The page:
Earlier this month we learned that the labor market continued to recover in September, and regional data out this week from the government confirmed that the stabilization again occurred across most of the country. In fact, nonfarm employment increased in 30 states last month, decreased in only three states, and essentially held steady everywhere else. As for joblessness, the unemployment rate also improved in 30 states in September, climbed in just eight states, and remained largely stable elsewhere. Most of the month-over-month uptick in joblessness occurred in the sunbelt in September while the decreases were concentrated in the northeast. For now this is mainly an expected normalization following what played out this summer rather than the start of a new trend. Nevada had the highest unemployment rate in the continental U.S. last month (12.6 percent) while Nebraska had the lowest rate (3.5 percent).
Altogether, 27 states had jobless rates lower than the national level (7.9 percent) and 8 states had higher unemployment rates. For an additional comparison, only two states in September had a jobless rate that exceeded 11 percent, compared to eleven during the worst part of the “Great Recession.” So clearly labor market conditions have improved a lot in recent months but there is also a long way left until full recovery. Moreover, compared to this same period last year total nonfarm employment remains lower in all 50 states, and the pace of the hiring rebound going forward will depend increasingly on consumer demand. Perhaps a more timely observation is that as we near the election there are many battleground states that have experienced very different recoveries. For example, in Michigan, Nevada, and Pennsylvania the job losses compared to pre-pandemic levels are still roughly twice as severe as in Georgia, Arizona, and Iowa. Similarly, unemployment is generally a lot lower in “red” states than “blue” states. Much of the differences can be explained by regional industry mix, i.e. the service sector has been hit harder this recession than manufacturing, but whether this has any material effect on the outcome of the election remains to be seen.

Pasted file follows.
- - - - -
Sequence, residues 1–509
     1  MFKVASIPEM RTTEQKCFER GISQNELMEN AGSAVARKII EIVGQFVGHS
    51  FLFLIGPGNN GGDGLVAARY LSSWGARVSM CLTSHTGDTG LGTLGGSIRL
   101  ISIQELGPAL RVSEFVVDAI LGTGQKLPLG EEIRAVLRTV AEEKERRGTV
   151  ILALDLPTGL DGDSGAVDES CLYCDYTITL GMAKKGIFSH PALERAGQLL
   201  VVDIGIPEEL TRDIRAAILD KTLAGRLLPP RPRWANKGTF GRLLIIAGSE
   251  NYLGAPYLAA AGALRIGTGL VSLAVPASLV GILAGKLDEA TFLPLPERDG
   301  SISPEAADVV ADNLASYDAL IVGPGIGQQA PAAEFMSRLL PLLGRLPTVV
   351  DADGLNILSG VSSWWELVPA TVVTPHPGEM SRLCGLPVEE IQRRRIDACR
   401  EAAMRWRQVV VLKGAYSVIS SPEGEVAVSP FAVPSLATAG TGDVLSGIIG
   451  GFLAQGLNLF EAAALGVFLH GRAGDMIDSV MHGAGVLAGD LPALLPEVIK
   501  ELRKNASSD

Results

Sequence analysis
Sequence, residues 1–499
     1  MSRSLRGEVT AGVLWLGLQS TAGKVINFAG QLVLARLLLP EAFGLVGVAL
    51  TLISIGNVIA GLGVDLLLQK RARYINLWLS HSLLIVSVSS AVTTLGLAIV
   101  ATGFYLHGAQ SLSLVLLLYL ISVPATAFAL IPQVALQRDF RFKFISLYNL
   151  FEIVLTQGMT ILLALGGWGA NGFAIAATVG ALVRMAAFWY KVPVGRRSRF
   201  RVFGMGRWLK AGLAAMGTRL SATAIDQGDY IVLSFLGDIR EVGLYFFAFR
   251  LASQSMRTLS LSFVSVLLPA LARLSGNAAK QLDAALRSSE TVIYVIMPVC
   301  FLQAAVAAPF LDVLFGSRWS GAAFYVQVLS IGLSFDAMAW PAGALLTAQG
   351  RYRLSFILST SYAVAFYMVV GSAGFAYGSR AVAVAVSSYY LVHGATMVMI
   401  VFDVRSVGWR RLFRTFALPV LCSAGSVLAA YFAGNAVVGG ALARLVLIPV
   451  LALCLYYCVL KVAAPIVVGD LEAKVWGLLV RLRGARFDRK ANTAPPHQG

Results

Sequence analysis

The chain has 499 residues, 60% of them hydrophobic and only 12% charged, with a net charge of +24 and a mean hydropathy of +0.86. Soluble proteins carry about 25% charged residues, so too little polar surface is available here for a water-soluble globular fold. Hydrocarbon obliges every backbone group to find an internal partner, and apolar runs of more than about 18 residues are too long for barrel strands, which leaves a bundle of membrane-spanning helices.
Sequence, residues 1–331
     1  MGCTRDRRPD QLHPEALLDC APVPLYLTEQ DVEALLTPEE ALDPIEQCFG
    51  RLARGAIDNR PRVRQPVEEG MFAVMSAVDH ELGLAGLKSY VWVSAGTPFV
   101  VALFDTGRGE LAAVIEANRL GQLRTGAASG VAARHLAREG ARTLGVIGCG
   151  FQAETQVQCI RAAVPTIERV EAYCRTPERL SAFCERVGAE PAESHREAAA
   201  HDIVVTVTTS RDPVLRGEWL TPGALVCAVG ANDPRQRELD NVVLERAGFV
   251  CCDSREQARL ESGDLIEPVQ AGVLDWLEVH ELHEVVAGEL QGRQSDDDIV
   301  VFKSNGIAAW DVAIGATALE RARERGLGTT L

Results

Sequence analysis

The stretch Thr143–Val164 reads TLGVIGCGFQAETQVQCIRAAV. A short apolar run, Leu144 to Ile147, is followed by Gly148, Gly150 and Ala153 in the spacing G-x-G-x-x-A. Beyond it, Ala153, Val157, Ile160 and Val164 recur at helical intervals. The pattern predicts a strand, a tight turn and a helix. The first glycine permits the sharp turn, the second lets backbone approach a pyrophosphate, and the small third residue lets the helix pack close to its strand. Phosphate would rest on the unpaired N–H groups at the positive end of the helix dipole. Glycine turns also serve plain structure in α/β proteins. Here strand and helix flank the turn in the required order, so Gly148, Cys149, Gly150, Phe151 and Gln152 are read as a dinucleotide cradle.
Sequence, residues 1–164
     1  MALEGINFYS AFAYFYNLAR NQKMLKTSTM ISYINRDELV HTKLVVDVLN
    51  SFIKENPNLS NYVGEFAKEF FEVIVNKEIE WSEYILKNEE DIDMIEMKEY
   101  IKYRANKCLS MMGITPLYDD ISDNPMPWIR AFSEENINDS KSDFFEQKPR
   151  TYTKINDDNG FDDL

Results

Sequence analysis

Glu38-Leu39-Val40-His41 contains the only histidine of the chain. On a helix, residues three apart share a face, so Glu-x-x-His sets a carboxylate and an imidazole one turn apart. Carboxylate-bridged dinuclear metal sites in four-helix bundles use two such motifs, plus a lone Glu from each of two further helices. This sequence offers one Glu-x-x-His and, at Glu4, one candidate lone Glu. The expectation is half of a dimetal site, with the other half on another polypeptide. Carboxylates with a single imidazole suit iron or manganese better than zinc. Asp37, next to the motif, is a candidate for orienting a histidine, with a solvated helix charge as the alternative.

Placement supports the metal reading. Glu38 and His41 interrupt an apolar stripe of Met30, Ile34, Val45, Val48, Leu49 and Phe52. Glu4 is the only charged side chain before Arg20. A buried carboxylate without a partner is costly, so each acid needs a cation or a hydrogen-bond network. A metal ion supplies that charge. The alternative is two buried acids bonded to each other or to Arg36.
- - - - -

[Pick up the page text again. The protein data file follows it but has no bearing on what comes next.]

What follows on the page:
Sources: Econoday, U.S. DoL, Indeed, FRBSL